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Origin of serried

First recorded in 1660–70; serry + -ed2
Related formsser·ried·ly, adverbser·ried·ness, nounun·ser·ried, adjective


verb (used with or without object), ser·ried, ser·ry·ing. Archaic.
  1. to crowd closely together.

Origin of serry

1575–85; < Middle French serré, past participle of serrer to press tightly together; see sear2 Unabridged Based on the Random House Unabridged Dictionary, © Random House, Inc. 2018

Examples from the Web for serried

Historical Examples of serried

  • A thousand serried problems seemed to be pressing on me at once.

    Women's Wild Oats

    C. Gasquoine Hartley

  • And how he thundered "Blaze with your serried columns, I will not bend the knee!"

  • They stood there looking down between the serried lines of trees.

  • Swiftly, surely, their serried ranks were closing in on the Christian band.

    With Spurs of Gold

    Frances Nimmo Greene

  • The Levitic officers were to protect the king's person with serried ranks.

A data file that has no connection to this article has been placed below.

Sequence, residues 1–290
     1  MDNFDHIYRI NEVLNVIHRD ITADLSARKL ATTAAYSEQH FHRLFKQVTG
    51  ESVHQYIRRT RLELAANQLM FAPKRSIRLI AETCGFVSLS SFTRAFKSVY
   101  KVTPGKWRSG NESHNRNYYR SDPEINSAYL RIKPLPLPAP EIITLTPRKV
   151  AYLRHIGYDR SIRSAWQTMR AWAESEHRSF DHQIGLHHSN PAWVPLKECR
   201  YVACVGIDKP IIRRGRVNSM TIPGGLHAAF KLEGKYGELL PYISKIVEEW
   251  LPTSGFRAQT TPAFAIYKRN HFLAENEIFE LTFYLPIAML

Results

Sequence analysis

British Dictionary definitions for serried


  1. in close or compact formationserried ranks of troops

Word Origin for serried

C17: from Old French serré close-packed, from serrer to shut up; see sear ²
Collins English Dictionary - Complete & Unabridged 2012 Digital Edition © William Collins Sons & Co. Ltd. 1979, 1986 © HarperCollins Publishers 1998, 2000, 2003, 2005, 2006, 2007, 2009, 2012

Word Origin and History for serried

"pressed close together," 1667 (in "Paradise Lost"), probably a past participle adjective from serry "to press close together" (1580s), a military term, from Middle French serre "close, compact" (12c.), past participle of serrer "press close, fasten," from Vulgar Latin *serrare "to bolt, lock up," from Latin serare, from sera "a bolt, bar, cross-bar," perhaps from PIE *ser- (3) "to line up" (see series). Modern use is due to the popularity of Scott, who used it with phalanx.

Online Etymology Dictionary, © 2010 Douglas Harper